May 15, 2015
The wreckage of a U.S. military helicopter lost on an earthquake relief mission was found today, high on a mountainside in Nepal, with three bodies spotted and the other five people on board presumed dead.
A U.S. search team identified the wreckage as that of the missing Marines UH-1Y Huey helicopter deployed after the Himalayan state was hit by a massive earthquake last month that killed more than 8,000 people.
Crash debris was found just 8 miles (13 km) north of the town of Charikot, said Army Major Dave Eastburn, spokesman for the U.S. military’s regional Pacific Command.
“The assessment of the site is ongoing and a thorough investigation will be conducted,” he added in a statement.
“The wreckage of the helicopter was found in pieces, and there are no chances of any survivors,” Nepal’s defense secretary, Iswori Poudyal said. He did not give the nationalities of the three victims, only saying their remains were charred.
The helicopter was carrying six Marines and two Nepalese army soldiers.
Lt. Gen. John Wissler, commander of the Marine-led joint task force, told reporters in Kathmandu that his team could not immediately identify the cause of the crash or identify the bodies found.
“It was very severe crash, and based on what we saw in the condition of the aircraft, we believe there were no survivors,” he said. “Due to the extremely difficult terrain of the site of the mishap, below-freezing temperatures and violent winds and thunderstorms, I made the decision to cease the recovery efforts for this evening,” he said. “We cannot afford to put US or Nepalese service members at any further risk.”
The recovery mission will resume at first light Saturday.
The discovery of the wreckage, first spotted by Nepalese ground troops and two army helicopters this morning, followed days of intense search involving U.S. and Nepalese aircraft and even U.S. satellites.
The Huey was spotted near the village of Ghorthali at an altitude of 11,200 ft (3,400 m), Nepal Army’s Major General Binoj Basnyat told Reuters earlier, as helicopters and Nepali ground troops converged on the crash site. “It was found on a steep slope,” he added, explaining that Nepali and U.S. teams were investigating the site and were expected to announce their findings at news conferences later today.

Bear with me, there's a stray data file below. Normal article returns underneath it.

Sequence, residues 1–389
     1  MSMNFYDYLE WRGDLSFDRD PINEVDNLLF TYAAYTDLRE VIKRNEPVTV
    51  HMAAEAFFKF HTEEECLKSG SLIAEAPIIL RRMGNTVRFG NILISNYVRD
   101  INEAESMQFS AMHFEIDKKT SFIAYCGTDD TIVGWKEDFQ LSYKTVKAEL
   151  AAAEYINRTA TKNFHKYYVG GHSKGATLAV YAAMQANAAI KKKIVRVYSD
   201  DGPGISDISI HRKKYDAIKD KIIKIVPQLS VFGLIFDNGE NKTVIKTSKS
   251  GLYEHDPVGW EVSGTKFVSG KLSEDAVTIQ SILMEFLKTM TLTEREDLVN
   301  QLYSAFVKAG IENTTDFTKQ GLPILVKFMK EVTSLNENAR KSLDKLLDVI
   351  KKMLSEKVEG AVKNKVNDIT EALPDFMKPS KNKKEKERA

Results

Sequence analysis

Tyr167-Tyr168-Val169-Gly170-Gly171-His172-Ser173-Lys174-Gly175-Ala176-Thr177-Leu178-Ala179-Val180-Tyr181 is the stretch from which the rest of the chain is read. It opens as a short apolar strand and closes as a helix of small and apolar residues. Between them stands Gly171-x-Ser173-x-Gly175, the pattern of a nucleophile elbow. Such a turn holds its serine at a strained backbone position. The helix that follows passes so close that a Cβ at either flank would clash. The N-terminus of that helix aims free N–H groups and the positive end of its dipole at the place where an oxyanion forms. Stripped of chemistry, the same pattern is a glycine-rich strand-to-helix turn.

The area’s tallest peak soars to more than 7,000 meters (23,000 ft). Hillsides are cloaked with lush forest that made it hard to find the chopper even though it came down just a few miles from Charikot, the capital of Dolakha district that lies half a day’s drive to the east of Kathmandu.
Charikot is also an army base, serving as a hub for operations to airlift and treat those injured in the two earthquakes.
The first quake, which struck on April 25 with a magnitude of 7.8, has killed 8,199 people. The death toll from a 7.3 aftershock on Tuesday has reached 117, with many victims in Dolakha. The combined toll is approaching the number of just over 8,500 who died in an earthquake in 1934, the worst ever natural disaster to hit the poor Himalayan nation. Some 76,000 more have been hurt while hundreds of thousands of buildings - including ancient temples and monuments - have been damaged or destroyed. Nearly three weeks after the first quake, aftershocks continue to rattle the country.
Nepal mobilized 600 soldiers to search for the Huey. It went missing after the crew was heard over the radio saying that the aircraft was experiencing a fuel problem.
Two more U.S. Hueys, two MV-22B Osprey tilt-rotor planes and Nepali and Indian choppers had been involved in the search for the helicopter, which was part of a joint task force sent in by the United States to provide assistance at Nepal’s request.
The UH-1Y Venom helicopter was assigned to part of the Marine Light Attack Squadron 469, based in Camp Pendleton, California.